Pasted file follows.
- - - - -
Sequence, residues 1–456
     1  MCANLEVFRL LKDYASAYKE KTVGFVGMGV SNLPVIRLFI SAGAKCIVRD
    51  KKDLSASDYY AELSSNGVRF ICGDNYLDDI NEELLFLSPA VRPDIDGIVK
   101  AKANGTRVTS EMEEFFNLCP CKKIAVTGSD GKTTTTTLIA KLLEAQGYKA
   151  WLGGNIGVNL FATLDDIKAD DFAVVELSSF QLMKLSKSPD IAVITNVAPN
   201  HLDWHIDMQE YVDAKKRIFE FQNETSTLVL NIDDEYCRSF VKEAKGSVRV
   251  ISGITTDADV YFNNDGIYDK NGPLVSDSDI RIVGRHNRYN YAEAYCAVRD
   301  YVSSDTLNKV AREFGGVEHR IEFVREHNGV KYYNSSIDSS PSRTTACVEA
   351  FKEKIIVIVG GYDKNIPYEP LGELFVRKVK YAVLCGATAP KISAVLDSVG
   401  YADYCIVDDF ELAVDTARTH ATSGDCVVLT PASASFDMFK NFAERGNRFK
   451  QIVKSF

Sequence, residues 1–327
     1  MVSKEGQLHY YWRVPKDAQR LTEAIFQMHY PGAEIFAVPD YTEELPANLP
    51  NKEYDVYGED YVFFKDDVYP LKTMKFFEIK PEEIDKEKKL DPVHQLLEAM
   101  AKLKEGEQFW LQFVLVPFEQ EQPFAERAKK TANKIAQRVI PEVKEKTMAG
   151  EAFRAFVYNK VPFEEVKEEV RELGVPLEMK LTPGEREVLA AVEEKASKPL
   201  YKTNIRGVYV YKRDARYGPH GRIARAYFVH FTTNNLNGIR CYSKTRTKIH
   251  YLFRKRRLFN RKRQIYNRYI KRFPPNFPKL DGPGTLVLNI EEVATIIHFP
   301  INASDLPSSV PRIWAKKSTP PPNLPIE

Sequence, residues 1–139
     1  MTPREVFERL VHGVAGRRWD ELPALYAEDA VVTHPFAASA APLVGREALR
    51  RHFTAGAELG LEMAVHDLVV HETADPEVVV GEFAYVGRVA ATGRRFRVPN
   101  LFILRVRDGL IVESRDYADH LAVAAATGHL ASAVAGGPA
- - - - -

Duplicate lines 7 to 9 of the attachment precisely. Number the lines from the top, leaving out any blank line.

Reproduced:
   251  ISGITTDADV YFNNDGIYDK NGPLVSDSDI RIVGRHNRYN YAEAYCAVRD
   301  YVSSDTLNKV AREFGGVEHR IEFVREHNGV KYYNSSIDSS PSRTTACVEA
   351  FKEKIIVIVG GYDKNIPYEP LGELFVRKVK YAVLCGATAP KISAVLDSVG